January 27, 2016 // Local
Pro-life community ‘walks the walk,’ ‘talks the talk’
By Jennifer Miller
For more photos from the South Bend March for Life visit the photo gallery.
SOUTH BEND — Marking the 43rd anniversary of the Roe v. Wade decision, the St. Joseph County Right to Life (SJCRTL) sponsored “March for Life: South Bend,” a peaceful walk to honor the lives lost and call elected representatives and community to change on Jan. 22 in South Bend. Indiana Gov. Mike Pence was in attendance offering his support.
On Sunday, Jan. 24, the Knights of Columbus Council No. 553 sponsored a reflective prayer service at St. Joseph Church on Hill Street and an engaging panel discussion focusing on supporting family life for a culture of life. Both events offered specific ways to “walk and talk” pro-life values.
Claire Fyrqvist, rally host, began the rally with Father Bob Lengerich of St. Dominic Parish in Bremen leading prayer, Terry Wedel from Silent No More sharing her moving experience with grace and Tom Limner of Deer Run Church offering the closing prayer.
The new march route over the St. Joseph River and into downtown South Bend to the Federal Courthouse offered a peaceful public testimony to life through the heart of the city. Over 500 people attended, 250 students from local Catholic schools, such as Corpus Christi, Holy Family, St. Joseph, South Bend, and Mishawaka Catholic.
St. Joseph School first sponsored a special prayer service for the eighth graders attending the march. High school students and teachers from Saint Joseph and Marian high schools also participated, as their travel to the national March for Life in Washington, D.C., was cancelled due to the blizzard on the East Coast. From babies and toddlers in strollers to seniors walking with canes, every age came and walked for an end to abortion in America.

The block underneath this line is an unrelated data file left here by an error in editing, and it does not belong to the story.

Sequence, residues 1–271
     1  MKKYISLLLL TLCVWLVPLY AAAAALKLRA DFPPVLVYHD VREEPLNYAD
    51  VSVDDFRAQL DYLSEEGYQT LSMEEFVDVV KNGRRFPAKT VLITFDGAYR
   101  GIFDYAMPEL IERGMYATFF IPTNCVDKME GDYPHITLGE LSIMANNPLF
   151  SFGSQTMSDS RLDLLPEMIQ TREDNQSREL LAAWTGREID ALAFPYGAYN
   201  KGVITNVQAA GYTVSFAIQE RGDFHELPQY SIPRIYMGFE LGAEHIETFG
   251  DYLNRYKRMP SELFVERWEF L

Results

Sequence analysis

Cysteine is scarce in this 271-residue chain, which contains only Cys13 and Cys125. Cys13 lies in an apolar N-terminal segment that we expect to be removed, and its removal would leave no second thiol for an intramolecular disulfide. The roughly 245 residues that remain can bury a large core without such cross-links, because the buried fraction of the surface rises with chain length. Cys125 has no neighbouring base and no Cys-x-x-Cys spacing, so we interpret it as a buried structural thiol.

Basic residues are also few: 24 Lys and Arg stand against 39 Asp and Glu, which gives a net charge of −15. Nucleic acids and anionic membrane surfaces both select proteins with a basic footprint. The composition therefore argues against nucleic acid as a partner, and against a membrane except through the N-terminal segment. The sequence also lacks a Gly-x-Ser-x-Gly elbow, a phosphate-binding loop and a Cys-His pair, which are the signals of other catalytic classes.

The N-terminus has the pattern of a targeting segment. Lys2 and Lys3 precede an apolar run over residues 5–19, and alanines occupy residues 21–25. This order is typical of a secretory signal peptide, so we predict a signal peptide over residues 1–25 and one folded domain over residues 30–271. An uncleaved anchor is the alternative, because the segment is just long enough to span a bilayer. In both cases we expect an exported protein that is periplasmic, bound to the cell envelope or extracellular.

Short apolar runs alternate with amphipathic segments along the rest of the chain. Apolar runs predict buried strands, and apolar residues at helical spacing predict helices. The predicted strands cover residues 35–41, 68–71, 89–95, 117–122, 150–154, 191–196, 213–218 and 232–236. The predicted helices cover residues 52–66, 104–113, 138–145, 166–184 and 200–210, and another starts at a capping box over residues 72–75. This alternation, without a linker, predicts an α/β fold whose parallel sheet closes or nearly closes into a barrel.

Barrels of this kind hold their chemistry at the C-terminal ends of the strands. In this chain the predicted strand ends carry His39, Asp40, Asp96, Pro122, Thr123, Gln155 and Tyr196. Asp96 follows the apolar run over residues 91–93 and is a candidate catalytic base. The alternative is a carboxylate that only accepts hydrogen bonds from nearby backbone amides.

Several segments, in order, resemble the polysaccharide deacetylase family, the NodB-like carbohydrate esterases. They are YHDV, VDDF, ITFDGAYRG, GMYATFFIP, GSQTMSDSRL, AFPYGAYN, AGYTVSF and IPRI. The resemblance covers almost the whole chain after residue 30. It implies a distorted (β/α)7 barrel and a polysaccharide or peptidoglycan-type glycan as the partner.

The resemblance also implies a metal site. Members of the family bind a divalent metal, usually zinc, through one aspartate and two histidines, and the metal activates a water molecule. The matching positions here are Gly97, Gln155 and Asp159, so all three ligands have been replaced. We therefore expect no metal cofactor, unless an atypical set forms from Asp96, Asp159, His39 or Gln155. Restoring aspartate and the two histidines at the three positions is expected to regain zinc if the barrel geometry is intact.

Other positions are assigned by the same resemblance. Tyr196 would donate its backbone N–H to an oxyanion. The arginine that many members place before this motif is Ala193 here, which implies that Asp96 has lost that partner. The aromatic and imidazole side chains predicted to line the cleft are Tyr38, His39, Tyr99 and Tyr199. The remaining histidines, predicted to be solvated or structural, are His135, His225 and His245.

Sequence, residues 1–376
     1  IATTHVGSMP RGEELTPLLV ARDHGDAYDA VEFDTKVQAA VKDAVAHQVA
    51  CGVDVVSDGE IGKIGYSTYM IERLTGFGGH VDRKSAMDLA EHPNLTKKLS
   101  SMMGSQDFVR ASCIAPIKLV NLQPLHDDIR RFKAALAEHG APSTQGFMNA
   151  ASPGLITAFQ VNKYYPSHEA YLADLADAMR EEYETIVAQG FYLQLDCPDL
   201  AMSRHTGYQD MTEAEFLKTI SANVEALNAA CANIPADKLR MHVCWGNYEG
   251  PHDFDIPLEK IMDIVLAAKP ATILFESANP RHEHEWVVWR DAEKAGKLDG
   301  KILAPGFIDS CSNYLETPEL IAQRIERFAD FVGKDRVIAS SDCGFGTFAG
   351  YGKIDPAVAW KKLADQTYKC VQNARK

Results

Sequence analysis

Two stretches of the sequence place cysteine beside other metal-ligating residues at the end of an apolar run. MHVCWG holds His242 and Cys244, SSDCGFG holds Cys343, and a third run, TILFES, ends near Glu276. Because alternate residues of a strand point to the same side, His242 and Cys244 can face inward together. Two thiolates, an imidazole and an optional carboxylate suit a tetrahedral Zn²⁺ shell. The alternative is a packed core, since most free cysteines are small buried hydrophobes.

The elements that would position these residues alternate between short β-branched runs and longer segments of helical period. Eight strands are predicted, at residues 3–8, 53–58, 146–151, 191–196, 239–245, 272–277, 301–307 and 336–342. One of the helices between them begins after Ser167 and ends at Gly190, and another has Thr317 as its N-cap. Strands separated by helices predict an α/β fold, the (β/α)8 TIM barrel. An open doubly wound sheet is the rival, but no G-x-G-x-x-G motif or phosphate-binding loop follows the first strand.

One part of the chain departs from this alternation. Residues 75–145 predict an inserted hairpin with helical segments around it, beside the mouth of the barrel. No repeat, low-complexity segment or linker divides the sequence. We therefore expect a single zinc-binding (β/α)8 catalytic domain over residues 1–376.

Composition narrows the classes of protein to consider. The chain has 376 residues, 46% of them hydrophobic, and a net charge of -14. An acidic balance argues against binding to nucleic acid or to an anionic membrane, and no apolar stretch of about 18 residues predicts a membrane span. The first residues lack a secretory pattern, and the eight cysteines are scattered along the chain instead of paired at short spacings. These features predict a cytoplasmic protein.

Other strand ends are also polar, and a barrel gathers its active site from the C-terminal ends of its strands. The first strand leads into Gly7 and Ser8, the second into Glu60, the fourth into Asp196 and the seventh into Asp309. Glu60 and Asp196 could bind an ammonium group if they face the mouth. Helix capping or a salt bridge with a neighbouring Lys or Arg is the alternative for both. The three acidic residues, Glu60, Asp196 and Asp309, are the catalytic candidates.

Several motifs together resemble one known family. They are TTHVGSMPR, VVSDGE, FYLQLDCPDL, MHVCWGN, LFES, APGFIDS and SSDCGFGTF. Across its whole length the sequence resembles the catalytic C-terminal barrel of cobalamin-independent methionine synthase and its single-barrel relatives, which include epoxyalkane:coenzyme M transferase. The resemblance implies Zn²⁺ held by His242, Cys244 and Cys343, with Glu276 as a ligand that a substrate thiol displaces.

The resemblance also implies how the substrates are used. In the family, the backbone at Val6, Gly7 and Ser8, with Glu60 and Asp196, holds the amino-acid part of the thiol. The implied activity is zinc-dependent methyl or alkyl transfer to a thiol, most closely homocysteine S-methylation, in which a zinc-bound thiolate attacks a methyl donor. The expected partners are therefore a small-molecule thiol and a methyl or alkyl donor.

At the Federal Courthouse, people lined the streets with a joy-filled and united spirit. Many families attended, including Rachel Myers and her daughter, Catherine, of Granger, who brought handmade signs, “Peace begins in the womb.” Gov. Pence greeted the marchers, thanking them for their tireless witness to life.
Sunday’s events also offered a positive tone of change to the somber realities of abortion in America. At St. Joseph Church, Father Dave Ruppert, pastor of St. Anthony de Padua Parish, and Bill Schmitt of the Knights of Columbus led a reflective, ecumenical prayer service. Kevin Mitschelen of Riverside Church, a non-denominational community, offered a moving reflection. He challenged listeners that “while the death of innocent children take place God’s people … as a whole seem to be indifferent. Caring more about their Facebook page or a tweet that would make them seem clever … all the while the world is screaming for hope and truth. And my friends, we have that hope and truth … through Christ.” He reminded participants, “It is through God’s immeasurable grace that He desires to heal our land. … God wants to heal our land, but first it will have to come through you.”